Sustainability of antimicrobial stewardship programs in Australian rural hospitals: a qualitative study.

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Sustainability of antimicrobial stewardship programs in Australian rural hospitals: a qualitative study.

Aust Health Rev. 2020 Jun;44(3):415-420

Authors: Bishop JL, Schulz TR, Kong DCM, Buising KL

Abstract
Objective The aim of this study was to explore the features of sustainable antimicrobial stewardship (AMS) programs in Australian rural hospitals and develop recommendations on incorporating these features into rural hospitals' AMS programs. Methods Lead AMS clinicians with knowledge of at least one AMS program sustained for >2 years in a health service in rural Australia were recruited to the study. A series of interviews was conducted and the transcripts analysed thematically using a framework method. Results Fifteen participants from various professional disciplines were interviewed. Key features that positively affected the sustainability of AMS programs in rural hospitals included a hospital executive who provided strong governance and accountability, dedicated resources, passionate local champions, area-wide arrangements and adaptability to engage in new partnerships. Challenges to building AMS programs with these features were identified, particularly in engaging hospital executive to allocate AMS resources, managing the burn out of passionate champions and formalising network arrangements. Conclusions Strategies to increase the sustainability of AMS programs in rural hospitals include using accreditation as a mechanism to drive direct resource allocation, explicit staffing recommendations for rural hospitals, greater support to develop formal network arrangements and a framework for integrated AMS programs across primary, aged and acute care. What is known about the topic? AMS programs facilitate the responsible use of antimicrobials. Implementation challenges have been identified for rural hospitals, but the sustainability of AMS programs has not been explored. What does this paper add? Factors that positively affected the sustainability of AMS programs in rural hospitals were a hospital executive that provided strong governance and accountability, dedicated resources, network or area-wide arrangements and adaptability. Challenges to building AMS programs with these features were identified. What are the implications for practitioners? Recommended actions to boost the sustainability of AMS programs in rural hospitals are required. These include using accreditation as a mechanism to drive direct resource allocation, explicit staffing recommendations for rural hospitals, greater support to develop network arrangements and support to create integrated AMS programs across acute, aged and primary care.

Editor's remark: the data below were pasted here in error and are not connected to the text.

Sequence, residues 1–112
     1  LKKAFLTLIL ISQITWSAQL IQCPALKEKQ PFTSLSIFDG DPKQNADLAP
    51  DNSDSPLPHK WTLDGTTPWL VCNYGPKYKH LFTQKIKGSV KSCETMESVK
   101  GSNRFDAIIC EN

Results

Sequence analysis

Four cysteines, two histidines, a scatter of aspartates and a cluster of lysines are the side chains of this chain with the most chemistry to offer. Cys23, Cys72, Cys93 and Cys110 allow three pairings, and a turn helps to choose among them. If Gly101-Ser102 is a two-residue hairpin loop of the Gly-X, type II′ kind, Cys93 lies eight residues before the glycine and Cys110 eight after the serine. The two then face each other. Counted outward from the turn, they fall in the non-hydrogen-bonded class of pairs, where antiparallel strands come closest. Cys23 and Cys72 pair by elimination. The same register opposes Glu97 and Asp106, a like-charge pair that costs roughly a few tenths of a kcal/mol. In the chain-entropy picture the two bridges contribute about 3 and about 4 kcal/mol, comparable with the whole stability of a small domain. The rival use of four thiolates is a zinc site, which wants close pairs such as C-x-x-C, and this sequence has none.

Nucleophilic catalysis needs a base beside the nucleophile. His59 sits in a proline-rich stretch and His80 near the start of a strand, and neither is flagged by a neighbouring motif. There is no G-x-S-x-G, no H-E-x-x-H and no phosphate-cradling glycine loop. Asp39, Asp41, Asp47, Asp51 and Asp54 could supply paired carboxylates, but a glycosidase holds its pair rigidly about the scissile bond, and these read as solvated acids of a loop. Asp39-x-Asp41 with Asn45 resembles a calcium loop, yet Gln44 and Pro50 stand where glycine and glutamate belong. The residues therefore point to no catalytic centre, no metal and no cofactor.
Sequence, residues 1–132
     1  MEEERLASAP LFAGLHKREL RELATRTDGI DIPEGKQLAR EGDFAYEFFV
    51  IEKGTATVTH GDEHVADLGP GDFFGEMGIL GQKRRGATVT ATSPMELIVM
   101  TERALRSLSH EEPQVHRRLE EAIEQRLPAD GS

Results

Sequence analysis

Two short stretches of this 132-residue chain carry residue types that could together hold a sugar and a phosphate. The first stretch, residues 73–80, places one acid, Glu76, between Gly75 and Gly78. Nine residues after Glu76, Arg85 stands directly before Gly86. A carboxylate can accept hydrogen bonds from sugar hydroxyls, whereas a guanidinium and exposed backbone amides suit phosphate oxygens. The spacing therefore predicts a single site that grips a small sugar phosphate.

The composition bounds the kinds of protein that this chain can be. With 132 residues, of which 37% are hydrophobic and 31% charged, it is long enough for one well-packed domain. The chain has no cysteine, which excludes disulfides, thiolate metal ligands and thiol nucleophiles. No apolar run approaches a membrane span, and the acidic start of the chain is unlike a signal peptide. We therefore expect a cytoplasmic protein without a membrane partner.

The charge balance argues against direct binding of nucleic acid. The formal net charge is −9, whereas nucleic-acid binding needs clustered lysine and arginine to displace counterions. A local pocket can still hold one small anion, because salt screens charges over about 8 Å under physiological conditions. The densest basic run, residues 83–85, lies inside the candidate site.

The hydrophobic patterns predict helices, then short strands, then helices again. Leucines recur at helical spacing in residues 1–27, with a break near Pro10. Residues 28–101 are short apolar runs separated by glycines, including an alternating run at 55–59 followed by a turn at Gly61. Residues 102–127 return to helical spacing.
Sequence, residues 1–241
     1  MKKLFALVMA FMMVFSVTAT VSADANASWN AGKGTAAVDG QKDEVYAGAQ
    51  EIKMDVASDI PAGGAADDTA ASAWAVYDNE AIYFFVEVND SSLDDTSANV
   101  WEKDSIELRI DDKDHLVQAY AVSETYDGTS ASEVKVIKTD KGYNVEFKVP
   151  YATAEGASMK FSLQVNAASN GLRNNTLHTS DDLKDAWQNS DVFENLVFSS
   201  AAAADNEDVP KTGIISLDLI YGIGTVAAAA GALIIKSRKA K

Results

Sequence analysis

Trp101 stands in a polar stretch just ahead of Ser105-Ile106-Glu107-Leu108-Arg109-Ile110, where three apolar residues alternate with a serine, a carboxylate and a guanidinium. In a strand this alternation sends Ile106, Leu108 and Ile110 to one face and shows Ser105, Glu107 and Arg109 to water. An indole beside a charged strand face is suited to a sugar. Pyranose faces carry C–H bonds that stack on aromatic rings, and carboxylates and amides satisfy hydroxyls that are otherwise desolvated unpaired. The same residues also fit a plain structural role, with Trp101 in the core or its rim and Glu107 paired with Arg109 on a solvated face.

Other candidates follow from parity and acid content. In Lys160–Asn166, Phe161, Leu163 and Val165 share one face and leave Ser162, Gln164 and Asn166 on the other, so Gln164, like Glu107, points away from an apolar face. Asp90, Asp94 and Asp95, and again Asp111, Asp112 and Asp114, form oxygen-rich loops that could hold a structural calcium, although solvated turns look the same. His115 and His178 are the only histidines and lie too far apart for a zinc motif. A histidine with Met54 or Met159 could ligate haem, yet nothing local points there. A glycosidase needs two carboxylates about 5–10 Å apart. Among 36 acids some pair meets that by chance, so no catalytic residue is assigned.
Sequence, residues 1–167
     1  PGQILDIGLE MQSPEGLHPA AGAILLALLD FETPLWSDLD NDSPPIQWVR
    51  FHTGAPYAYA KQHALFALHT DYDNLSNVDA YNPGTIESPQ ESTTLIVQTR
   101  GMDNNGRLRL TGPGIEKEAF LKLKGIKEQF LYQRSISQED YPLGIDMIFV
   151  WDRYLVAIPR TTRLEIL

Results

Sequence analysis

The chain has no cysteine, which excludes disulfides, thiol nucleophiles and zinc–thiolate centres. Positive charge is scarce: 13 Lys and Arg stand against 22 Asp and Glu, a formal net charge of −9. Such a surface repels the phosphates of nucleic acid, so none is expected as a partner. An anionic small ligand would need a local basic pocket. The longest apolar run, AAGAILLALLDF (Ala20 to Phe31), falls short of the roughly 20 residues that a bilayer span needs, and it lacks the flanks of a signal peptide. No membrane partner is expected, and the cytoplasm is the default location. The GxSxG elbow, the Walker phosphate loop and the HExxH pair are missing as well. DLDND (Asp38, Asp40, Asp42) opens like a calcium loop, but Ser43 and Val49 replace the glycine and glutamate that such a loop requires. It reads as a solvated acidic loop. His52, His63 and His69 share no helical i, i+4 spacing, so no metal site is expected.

PMID: 32492364 [PubMed - in process]